UNITED NATIONS: Pakistan has warned the international community that any “ill-conceived reform of the Security Council (SC) would be the greatest disservice to the rules-based international order whose pivot is the UN”.
“A large, unwieldy and inefficient SC, characterised by an enlarged, privileged clique, is an end-state that Pakistan neither desires, nor will ever support,” Ambassador Maleeha Lodhi, Permanent Representative of Pakistan to the UN, told the long-running Intergovernmental Negotiations aimed at reforming the 15-member body to make it more representative, efficient and effective.
Full-scale negotiations to restructure the SC began in the General Assembly in February 2009. Despite a general agreement on enlarging the Council, as part of the UN reform process, member states remain sharply divided over the details.
Known as the “Group of Four,” India, Brazil, Germany and Japan ” have shown no flexibility in their campaign to expand the SC by 10 seats, with 6 additional permanent and four non-permanent members.
On the other hand, the Italy/Pakistan-led Uniting for Consensus (UfC) group says that additional permanent members will not make the SC more effective and also undermine the fundamental principle of democracy that is based on periodic elections.
The SC is currently composed of five permanent members — Britain, China, France, Russia and the United States — and 10 non-permanent members that are elected in groups of five to two-year terms.
While agreeing that an expansion in the size of the SC is an imperative of greater representation, Ambassador Lodhi argued that the representative character of an enlarged SC needs to be balanced against the need to maintain its efficiency and effectiveness.
“As true representation is inherently linked to active and continuous accountability, any measure of effectiveness is contingent on redressing the Council’s existing dysfunctionalities, and not reinforcing them,” she said.
Emphasising the need to strengthen the representation of elected members on the Council, rather than emasculate their existing role, Ambassador Lodhi said that the only satisfactory outcome to meet the twin objectives of efficiency and effectiveness is through an expansion in the elected non-permanent category of seats.
Ambassador Lodhi emphasised that consensus only exists for enlarging the Council by more elected, non-permanent members, adding that any claim to the contrary is a fallacy, and deserves to be treated, as such. “We can, therefore, only marvel at the ingenuity of those who offer solutions that reduce the margin of representation between the permanent and elected members, yet, promote them in the name of a more representative and effective Council,” she said while criticizing those member states who aspire to securing permanent seats in the Council.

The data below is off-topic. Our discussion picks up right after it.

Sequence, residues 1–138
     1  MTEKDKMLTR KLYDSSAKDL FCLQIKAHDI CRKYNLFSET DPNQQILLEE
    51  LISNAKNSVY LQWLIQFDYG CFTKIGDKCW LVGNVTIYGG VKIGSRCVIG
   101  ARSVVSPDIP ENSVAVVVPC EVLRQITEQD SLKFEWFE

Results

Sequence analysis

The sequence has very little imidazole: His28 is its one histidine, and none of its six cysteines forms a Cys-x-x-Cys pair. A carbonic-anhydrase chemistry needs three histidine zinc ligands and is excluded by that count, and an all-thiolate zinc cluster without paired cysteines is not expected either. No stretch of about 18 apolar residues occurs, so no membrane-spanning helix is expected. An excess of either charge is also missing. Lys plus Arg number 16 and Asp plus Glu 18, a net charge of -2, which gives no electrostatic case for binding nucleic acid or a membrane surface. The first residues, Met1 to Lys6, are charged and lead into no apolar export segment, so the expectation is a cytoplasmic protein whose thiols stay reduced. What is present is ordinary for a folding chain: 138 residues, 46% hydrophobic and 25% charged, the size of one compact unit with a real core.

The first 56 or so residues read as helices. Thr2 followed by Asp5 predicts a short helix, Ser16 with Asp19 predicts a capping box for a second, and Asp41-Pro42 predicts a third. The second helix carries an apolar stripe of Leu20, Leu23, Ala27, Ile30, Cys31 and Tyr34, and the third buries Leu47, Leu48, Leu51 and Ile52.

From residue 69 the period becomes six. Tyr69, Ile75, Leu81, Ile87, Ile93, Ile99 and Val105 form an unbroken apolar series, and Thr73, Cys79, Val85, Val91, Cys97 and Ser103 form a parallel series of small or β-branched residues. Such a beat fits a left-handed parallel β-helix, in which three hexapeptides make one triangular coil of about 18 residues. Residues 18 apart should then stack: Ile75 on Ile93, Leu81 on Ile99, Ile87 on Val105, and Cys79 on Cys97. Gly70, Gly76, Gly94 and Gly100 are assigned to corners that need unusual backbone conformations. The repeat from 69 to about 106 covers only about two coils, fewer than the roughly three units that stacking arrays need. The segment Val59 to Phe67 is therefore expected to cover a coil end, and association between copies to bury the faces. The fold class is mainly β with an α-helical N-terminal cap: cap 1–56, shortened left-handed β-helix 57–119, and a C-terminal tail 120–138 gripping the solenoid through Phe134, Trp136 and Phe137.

Opposing any addition of permanent seats to the Council, the Pakistani envoy said that when a third of the membership has never served on the Council, such “solutions” aim to further the self-interests of a few, at the expense of the many who may, in consequence, be deprived of ever serving on the Council.
Ambassador Lodhi called for reinvigorating the vital institutional relationship between the two core organs of the UN, the SC and the General Assembly. In this regard, she called for strengthening the Council’s accountability and transparency through greater participation and access to the work of the SC and its subsidiary organs by all members of the General Assembly.
“We believe that this ideal can only be achieved if democratic principles are placed at the heart of, and define, the Council’s composition”, she said while emphasising that the best way to ensure a responsible and accountable Council is to strengthen the role and authority of the General Assembly in determining its representation in the Council.
The Council she said, can be made more broadly representative of the general membership by adding electable non-permanent seats which would reflect the interests of all member states’ small, medium and large.